My local toy and sports shop apparently ran out of sledges on the first day of our recent flurry of snow. Yes, they had anticipated the possibility of a winter sales bonanza but sadly the bulk of their sledges were faulty. Or to put it another way - they were skateboards in the wrong boxes. And so children did what they always do and improvised by sliding down hills on dustbin lids, trays or their parents.
Customers requiring snow goggles were also to be disappointed unless they wanted some that came with a snorkel attached and a free pair of flippers. Meanwhile the rest of the country seemed a little bemused by the shock onset of winter in what can only be described as, well, winter. You want salt for the pavements? Give us a call in August. You might not need it to combat the ice but it could be handy in seasoning a potato salad. As a nation we are prepared for anything, just not always at the right time.
‘You want salt for the pavements? Give us a call in August. You might not need it to combat the ice but it could be handy in seasoning a potato salad’
We are preparing for a general election and that, according to chancellor Alistair Darling, amounts to impending public service cuts the like of which we’ve not seen for 20 years. So to summarise: it’s cold, pay day is a long way away and when you turn on the news you get to watch politicians trying to guess what waffle might make them popular with a population that, in the main, loathes all of them.
On the one hand we will have prudent economic policy telling us we could save billions by cutting back on public spending: freezing salaries and pensions perhaps, closing a few schools, and maybe we could replace the police force with extended neighbourhood watch schemes or enthusiastic puppies? On the other we get surreptitious promises to protect jobs and services and invest in the things that matter which, depending what day it is, are Strictly Come Dancing, thermal underwear or the financial wellbeing of the banking system.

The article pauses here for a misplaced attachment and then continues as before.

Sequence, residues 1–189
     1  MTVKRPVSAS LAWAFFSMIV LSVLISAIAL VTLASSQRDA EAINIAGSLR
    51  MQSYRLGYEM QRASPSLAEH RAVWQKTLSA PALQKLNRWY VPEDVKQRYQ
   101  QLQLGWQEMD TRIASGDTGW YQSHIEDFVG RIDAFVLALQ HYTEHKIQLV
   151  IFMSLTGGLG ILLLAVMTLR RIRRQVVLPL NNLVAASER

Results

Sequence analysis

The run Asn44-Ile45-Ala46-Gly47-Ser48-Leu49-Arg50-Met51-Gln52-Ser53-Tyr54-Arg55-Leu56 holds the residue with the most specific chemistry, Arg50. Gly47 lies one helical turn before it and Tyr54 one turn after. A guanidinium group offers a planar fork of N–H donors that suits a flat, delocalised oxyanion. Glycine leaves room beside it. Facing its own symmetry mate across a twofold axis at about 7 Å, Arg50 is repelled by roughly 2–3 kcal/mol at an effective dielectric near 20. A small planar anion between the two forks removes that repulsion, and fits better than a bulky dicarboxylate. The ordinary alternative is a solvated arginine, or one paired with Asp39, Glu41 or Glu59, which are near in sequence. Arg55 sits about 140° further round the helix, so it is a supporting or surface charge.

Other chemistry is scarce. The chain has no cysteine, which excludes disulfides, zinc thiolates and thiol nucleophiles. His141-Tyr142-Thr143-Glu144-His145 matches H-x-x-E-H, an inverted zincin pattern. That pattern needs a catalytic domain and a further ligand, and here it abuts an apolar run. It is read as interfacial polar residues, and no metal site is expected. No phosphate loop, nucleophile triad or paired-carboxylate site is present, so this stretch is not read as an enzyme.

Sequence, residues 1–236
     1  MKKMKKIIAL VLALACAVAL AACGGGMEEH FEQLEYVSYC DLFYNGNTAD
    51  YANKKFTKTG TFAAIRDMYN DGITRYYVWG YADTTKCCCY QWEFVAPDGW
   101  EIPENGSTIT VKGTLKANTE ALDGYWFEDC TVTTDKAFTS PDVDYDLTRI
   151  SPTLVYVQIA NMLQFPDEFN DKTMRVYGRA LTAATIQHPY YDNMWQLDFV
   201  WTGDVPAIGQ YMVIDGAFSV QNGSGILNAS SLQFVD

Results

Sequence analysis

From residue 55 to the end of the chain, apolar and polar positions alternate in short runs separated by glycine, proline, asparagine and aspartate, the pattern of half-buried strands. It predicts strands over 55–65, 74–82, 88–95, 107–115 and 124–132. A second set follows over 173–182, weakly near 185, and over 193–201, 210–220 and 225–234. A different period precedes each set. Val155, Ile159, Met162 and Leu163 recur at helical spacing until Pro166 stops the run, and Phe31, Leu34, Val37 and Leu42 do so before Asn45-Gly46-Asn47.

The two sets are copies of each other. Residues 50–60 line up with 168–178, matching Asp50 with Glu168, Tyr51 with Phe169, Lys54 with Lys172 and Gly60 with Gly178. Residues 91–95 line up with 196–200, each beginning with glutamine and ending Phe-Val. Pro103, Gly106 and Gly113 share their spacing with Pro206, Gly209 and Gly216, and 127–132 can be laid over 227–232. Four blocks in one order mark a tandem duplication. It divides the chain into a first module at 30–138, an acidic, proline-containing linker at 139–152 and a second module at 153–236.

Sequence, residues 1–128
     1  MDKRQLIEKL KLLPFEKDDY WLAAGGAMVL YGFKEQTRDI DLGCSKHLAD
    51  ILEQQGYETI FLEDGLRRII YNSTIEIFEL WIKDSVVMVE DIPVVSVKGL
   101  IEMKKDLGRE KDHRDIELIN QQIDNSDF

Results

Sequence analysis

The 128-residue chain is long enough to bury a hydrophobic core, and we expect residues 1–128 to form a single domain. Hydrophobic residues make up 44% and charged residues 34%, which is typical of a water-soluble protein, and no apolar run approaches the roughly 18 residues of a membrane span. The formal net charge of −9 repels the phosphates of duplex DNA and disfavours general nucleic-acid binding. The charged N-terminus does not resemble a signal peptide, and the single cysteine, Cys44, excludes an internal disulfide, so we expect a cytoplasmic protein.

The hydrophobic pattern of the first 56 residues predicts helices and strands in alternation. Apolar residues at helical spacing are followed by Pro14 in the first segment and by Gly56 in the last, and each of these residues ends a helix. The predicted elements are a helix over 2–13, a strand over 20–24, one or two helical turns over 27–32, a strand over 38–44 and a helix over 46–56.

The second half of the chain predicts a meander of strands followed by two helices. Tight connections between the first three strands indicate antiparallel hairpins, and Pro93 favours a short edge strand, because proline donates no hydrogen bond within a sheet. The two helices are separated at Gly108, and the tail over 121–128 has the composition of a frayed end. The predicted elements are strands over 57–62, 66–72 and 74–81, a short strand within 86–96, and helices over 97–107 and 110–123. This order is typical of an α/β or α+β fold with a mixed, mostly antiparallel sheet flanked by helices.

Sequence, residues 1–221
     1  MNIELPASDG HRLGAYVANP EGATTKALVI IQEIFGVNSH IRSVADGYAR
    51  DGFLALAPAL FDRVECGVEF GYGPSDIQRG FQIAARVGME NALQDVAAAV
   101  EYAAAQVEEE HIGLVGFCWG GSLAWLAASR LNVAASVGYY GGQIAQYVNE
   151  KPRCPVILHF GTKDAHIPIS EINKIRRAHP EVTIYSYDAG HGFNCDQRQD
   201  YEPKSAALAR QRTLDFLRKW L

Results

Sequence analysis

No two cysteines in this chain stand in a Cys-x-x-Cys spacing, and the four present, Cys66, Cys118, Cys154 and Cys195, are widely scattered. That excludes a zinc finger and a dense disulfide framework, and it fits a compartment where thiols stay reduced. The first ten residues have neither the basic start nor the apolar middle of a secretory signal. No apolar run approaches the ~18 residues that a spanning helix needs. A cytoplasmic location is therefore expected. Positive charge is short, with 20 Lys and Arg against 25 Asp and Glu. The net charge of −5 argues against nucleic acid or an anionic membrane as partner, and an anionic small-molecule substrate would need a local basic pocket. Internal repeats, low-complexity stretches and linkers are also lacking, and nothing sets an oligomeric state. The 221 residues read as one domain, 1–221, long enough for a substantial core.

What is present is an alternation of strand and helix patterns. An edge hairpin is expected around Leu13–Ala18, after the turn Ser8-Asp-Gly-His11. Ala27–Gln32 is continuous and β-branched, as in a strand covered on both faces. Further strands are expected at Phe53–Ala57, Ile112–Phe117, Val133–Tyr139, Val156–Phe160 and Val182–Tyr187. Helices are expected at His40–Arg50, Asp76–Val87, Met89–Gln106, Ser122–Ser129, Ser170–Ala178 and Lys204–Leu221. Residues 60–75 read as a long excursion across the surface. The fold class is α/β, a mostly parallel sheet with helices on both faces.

The Tories are promising more single rooms for patients and more choice around childbirth. Later Labour will promise something vague about accountability and safeguarding service investment. Nobody will say anything new, helpful or insightful. Quite frankly David Cameron could promise every patient their own butler and Gordon Brown could offer to come round and do everyone’s ironing for all most people seem to care because, whatever they say, it sounds hollow and unfocused doesn’t it? Apart from anything else is it single rooms and nice curtains patients need or simply more staff who are better equipped to look after them?
In truth public services will get what they are given and, in the same way as the kid on the dustbin lid, improvise as best they can. Nurses have managed through both the wholesale lack of interest that has been the Conservative government in the past and the wholesale lack of understanding that has marked Labour this time around, and they will manage again. But why should they have to? The sooner the NHS is made independent of the inconsistencies of government, the better. It’s simply too important to let politicians loose on it.